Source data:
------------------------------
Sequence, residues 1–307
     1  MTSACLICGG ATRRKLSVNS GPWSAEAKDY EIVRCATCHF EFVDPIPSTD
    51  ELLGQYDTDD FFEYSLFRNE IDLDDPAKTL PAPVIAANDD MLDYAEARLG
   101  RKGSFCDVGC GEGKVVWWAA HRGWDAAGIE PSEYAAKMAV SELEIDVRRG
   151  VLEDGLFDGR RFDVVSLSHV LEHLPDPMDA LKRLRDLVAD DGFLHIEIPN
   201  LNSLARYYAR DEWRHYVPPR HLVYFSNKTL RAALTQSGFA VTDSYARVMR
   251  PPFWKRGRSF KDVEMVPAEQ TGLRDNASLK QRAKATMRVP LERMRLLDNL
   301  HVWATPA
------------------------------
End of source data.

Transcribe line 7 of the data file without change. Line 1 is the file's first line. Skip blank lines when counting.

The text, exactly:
   251  PPFWKRGRSF KDVEMVPAEQ TGLRDNASLK QRAKATMRVP LERMRLLDNL